I am happy that you are using this web site and hope that you found it useful. Unfortunately, the cost of making this material freely available is increasing, so if you have found the site useful and would like to contribute towards its continuation, I would greatly appreciate it. Click the button to go to Paypal and make a donation.

George Bryan ("Beau") Brummell (1778-1840)

George Bryan ("Beau") Brummell , is said to have been grandson of William Brummell (d. 1770), a confidential servant of Mr. Charles Monson, brother of the first Lord Monson. William Brummell occupied a house in Bury Street, where apartments were taken by Charles Jenkinson, first earl of Liverpool. The beau's father, also William Brummell, an intelligent boy, acted for some time as Mr. Jenkinson's amanuensis; was in 1763 appointed to a clerkship in the treasury, and during the whole administration from 1770 to 1782 was private secretary to Lord North, by whose favour he received several lucrative appointments. He further increased his means by his marriage with Miss Richardson, daughter of the keeper of the lottery office. The younger William Brummell died in 1794, leaving £65,000 to be divided equally among his three children, two sons and a daughter. George Bryan Brummell, the younger son, was born 7 June 1778, and baptised at Westminster. In 1790 he was sent to Eton, and while there developed the traits by which he became famous — social aplomb, readiness of repartee, and fastidious neatness in dress. He was very popular, and was known even then as ‘Buck Brummell.’ In 1794 he was entered at Oriel College, Oxford, but he had no inclination for study, and left the university the same year, about the time of his father's death.

Even while at Eton Brummell appears to have been noticed by the Prince of Wales, who on 17 May 1794 presented him to a cornetcy in his own regiment, the 10th hussars. On the marriage of the prince in 1795 Brummell was in personal attendance. He was promoted captain in 1796, and in 1798 retired from the service. He soon after came into his property of about £30,000, and arranged with great elegance his bachelor establishment at No. 4 Chesterfield Street, Mayfair. He had the art of making friends, and had not neglected his opportunities at Eton and Oxford. The friendship of the regent now gave him an assured position. He soon became acknowledged absolute monarch of the mode, having for subject in this domain even his friend the prince, who, it is said, on one occasion ‘began to blubber when told that Brummell did not like the cut of his coat’.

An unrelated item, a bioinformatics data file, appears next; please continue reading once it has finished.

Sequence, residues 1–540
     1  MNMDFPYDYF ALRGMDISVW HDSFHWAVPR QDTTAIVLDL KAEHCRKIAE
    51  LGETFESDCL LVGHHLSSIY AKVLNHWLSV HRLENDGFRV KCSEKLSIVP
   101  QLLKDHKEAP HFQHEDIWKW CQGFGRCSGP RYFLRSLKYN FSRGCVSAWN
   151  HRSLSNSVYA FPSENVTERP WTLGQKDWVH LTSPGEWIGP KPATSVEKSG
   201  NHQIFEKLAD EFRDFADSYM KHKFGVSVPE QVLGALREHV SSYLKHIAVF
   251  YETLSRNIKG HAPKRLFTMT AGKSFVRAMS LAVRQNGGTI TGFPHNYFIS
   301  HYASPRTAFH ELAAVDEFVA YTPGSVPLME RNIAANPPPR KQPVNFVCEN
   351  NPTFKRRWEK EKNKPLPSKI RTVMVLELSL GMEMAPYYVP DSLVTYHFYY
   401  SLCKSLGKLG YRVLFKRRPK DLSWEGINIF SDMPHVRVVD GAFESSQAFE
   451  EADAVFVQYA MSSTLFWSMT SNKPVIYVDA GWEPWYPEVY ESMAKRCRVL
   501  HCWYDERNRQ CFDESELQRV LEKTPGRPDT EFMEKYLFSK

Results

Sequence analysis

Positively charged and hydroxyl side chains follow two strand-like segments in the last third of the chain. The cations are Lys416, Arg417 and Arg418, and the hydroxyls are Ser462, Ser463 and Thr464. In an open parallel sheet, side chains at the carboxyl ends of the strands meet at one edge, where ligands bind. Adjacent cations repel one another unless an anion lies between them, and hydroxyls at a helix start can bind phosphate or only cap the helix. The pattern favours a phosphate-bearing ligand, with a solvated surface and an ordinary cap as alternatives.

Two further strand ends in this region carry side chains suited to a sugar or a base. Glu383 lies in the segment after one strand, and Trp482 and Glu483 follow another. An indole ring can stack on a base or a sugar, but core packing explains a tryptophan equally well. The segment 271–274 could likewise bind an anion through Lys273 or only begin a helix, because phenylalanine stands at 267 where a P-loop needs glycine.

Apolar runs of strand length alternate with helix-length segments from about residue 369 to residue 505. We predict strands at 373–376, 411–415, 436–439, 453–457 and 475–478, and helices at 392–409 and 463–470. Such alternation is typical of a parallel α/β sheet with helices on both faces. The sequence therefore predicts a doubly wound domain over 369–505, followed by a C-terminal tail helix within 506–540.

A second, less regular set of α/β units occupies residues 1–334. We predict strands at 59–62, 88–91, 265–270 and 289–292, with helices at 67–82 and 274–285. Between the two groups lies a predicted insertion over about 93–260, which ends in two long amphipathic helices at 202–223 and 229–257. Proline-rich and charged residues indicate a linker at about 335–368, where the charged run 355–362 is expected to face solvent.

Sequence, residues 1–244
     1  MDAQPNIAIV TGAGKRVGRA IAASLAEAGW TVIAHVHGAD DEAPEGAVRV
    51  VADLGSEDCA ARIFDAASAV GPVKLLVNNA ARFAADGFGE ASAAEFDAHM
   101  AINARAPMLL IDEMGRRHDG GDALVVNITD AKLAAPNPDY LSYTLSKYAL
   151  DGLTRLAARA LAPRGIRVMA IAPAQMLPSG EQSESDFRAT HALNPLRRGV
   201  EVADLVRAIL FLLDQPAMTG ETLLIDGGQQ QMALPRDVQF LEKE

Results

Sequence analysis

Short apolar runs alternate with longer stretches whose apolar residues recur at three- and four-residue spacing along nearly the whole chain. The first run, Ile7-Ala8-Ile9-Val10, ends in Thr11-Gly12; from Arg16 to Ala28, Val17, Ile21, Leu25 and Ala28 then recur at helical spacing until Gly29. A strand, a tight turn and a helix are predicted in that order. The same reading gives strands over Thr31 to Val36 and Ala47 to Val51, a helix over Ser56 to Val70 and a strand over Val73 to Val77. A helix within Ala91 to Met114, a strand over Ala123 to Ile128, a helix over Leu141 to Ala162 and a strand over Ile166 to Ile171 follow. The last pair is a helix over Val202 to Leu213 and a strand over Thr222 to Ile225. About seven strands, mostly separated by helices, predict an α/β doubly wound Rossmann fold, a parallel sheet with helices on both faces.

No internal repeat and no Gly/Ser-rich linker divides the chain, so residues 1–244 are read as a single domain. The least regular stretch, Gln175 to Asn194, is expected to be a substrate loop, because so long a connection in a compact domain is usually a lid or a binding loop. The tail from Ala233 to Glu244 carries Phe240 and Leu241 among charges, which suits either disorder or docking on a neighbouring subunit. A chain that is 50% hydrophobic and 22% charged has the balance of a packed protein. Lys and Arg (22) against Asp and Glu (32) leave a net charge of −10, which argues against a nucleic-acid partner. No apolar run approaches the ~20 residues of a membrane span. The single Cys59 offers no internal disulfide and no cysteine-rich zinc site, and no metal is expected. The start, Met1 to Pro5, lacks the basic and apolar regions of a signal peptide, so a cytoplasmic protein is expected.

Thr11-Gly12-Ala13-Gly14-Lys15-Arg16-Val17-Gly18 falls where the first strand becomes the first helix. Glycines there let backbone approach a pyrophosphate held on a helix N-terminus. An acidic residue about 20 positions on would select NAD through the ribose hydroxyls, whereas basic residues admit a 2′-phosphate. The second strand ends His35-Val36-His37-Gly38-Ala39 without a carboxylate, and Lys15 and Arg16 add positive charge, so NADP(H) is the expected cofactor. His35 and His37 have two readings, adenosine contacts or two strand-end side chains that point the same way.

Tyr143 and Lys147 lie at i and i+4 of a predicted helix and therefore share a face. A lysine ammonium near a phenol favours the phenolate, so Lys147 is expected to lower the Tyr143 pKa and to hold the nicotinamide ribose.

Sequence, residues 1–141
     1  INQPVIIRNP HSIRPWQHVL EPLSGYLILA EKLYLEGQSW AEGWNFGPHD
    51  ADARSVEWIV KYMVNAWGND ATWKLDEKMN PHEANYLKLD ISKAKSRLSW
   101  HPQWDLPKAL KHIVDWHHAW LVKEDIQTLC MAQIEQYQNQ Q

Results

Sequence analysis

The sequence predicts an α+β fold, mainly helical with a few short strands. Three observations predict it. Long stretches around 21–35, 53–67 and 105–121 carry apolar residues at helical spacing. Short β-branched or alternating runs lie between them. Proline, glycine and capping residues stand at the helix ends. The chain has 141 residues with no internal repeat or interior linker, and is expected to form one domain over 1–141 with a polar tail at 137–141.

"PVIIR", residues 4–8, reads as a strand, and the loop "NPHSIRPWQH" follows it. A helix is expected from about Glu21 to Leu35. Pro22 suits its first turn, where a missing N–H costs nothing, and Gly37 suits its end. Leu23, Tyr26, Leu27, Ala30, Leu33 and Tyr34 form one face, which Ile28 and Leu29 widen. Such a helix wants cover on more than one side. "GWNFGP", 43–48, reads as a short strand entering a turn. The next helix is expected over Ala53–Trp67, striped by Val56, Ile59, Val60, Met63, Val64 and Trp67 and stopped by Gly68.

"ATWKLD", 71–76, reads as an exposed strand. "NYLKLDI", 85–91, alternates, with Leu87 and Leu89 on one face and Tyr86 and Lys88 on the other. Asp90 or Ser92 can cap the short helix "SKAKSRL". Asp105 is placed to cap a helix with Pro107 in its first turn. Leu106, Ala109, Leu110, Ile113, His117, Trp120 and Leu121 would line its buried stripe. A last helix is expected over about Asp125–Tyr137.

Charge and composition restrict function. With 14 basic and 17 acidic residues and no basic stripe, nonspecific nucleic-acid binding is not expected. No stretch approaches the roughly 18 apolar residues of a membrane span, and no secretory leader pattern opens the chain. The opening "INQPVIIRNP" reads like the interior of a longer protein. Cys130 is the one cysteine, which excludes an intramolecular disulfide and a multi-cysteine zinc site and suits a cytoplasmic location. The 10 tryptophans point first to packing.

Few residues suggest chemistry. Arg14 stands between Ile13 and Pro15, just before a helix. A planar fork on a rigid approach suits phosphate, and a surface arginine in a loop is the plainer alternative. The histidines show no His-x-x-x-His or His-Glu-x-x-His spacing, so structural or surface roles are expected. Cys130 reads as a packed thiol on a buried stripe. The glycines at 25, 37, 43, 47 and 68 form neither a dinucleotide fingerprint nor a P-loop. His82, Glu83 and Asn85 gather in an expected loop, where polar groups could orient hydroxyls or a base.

The prince frequently came to Chesterfield Street to see the beau dress, and ‘staid on to a dinner prolonged to orgie far into the night.’ Brummell was very popular with the Duke and Duchess of York, was a frequent visitor at Oatlands, and had acquaintance with all the leaders of society: Georgiana, duchess of Devonshire, Lady Hester Stanhope, Lord Byron, Duke of Bedford, Lord Alvanley, Moore. By no means a fop, Brummell was never extravagant in his dress, which was characterised rather by a studied moderation. He was ready enough with his tongue, and had a gift for quaint turns of expression, but the anecdotes told of him seem to indicate cool, impudent self-possession rather than wit. He wrote lively and graceful letters, and was able to find voice in sentimental verse for passing adorations. With the prince he at last had a quarrel, accounts of the cause of which vary; probably it was some more than ordinary license of a satiric tongue. It was a quarrel of equals. Brummell held his own in society until gambling losses forced him to flee the country.

On 16 May 1816 he retired to Calais, and there, with such poor means as could now be obtained, he recklessly renewed his old course of life. The Duke of Wellington and many of his old friends visited him when passing through the town. He received much assistance from England, but was soon in another coil of debt. In 1821 his former friend, now king, visited Calais on his way to Hanover, but no interview took place, and no help was proffered. On 10 September 1830 he was appointed British consul at Caen, a sinecure abolished by his own advice in 1832. His creditors now closed around him, and he was cast into prison (May 1835), where degradation and suffering seem to have broken his spirit. He was soon after released and supplied by his friends with a small income. In 1837 he began to show signs of imbecility; he held phantom receptions of the beauties and magnates of the old days. Soon all care of his person went, and from carelessness and disease his habits became so loathsome that an attendant could hardly be found for him. Admission was at last obtained for him into the asylum of the Bon Sauveur, Caen, where he died 30 March 1840.

Meet the web creator

These materials may be freely used for non-commercial purposes in accordance with applicable statutory allowances and distribution to students.
Re-publication in any form is subject to written permission.

Last modified 12 January, 2016

The Age of George III Home Page

Ministerial Instability 1760-70

Lord North's Ministry 1770-82

American Affairs 1760-83

The period of peace 1783-92

The Age of the French Wars 1792-1815 Irish Affairs 1760-89

Peel Web Home Page

Tory Governments 1812-30

Political Organisations in the Age of Peel

Economic Affairs in the Age of Peel

Popular Movements in the Age of Peel

Irish Affairs
Primary sources index British Political Personalities British Foreign policy 1815-65 European history
index sitemap advanced
search engine by freefind